Q: Can a person’s IQ change over time?

The short answer: it depends. The WPPSI and the WISC are viewed as ‘reliable’ assessments, which means that test scores should be relatively consistent over time if the assessment was repeated across the child’s lifespan (e.g. Watkins & Smith, 2013).  However, neither assessment is 100% accurate; scores may be affected by factors such as motivation on the day or the child’s rapport with the examiner, so there is a small possibility of fluctuations in IQ if a child was to be retested.

On a related note, a phenomenon exists where IQ scores from standardised measurements have been increasing over time. This is known as the Flynn Effect, and has been attributed to improved health, nutrition and educational opportunities across generations (Trahan et al., 2014).

Q: How would my child benefit from a cognitive assessment?

  • To evaluate their strengths and weaknesses. Every child is different, and an understanding of their cognitive profile could help parents and educators learn how best to support their learning.
  • To assess their development in comparison to their peers. The WPPSI and the WISC are standardised, which means you can compare your child’s results with what is developmentally expected for his age.
  • To access funding for intervention services. Services such as the National Disability Insurance Scheme (NDIS) or funding for school-based support such as teaching or specialised staff usually require a formal assessment.

In summary, a cognitive or intellectual assessment is helpful and can assist with a child's overall profile. It is important to note however that a cognitive/ IQ assessment on its own is limited and thus it is best that it is administered in combination with the child's other developmental areas using multi assessments and multi informants. Although some psychologists have had some training in administering assessments, the key is to seek a professional who had significant experience in interpretation of the results.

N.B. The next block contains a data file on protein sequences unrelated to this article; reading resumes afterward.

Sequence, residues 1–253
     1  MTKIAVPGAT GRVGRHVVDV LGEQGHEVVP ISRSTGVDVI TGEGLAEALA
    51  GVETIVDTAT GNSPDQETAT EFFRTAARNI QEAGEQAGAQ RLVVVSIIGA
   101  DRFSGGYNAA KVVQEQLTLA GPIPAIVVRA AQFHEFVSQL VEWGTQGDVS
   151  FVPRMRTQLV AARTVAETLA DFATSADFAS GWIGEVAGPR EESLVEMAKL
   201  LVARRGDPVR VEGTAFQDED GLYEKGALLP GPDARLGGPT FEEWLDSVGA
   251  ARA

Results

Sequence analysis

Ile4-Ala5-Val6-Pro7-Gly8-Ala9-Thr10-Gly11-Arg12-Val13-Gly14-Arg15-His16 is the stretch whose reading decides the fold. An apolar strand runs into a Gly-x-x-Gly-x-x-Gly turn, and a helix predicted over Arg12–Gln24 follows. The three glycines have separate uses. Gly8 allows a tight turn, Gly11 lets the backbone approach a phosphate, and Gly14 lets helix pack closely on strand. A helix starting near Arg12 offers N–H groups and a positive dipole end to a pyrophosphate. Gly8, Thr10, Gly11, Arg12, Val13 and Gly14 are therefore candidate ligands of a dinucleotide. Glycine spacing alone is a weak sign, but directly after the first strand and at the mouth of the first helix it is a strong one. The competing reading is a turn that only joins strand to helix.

A comprehensive assessment is often recommended at ACPC Psychology and psychologists are expected to have significant experience in administering and interpreting such assessments. For further questions or queries regarding assessments, please do not hesitate to contact our clinic to discuss the assessment process. 

Written by: Jacky Au, Registered Psychologist (Clinical Psychology Registrar) at ACPC Psychology


Cattell, R. B. (1987). Intelligence: Its structure, growth and action (Vol. 35). Elsevier.

Freberg, M. E., Vandiver, B. J., Watkins, M. W., & Canivez, G. L. (2008). Significant factor score variability and the validity of the WISC-III Full Scale IQ in predicting later academic achievement. Applied Neuropsychology, 15(2), 131-139.

Salovey, P., & Mayer, J. D. (1990). Emotional intelligence. Imagination, cognition and personality, 9(3), 185-211.

Trahan, L. H., Stuebing, K. K., Fletcher, J. M., & Hiscock, M. (2014). The Flynn effect: A meta-analysis. Psychological bulletin, 140(5), 1332.

Watkins, M. W., & Smith, L. G. (2013). Long-term stability of the Wechsler Intelligence Scale for Children—Fourth Edition. Psychological Assessment, 25(2), 477.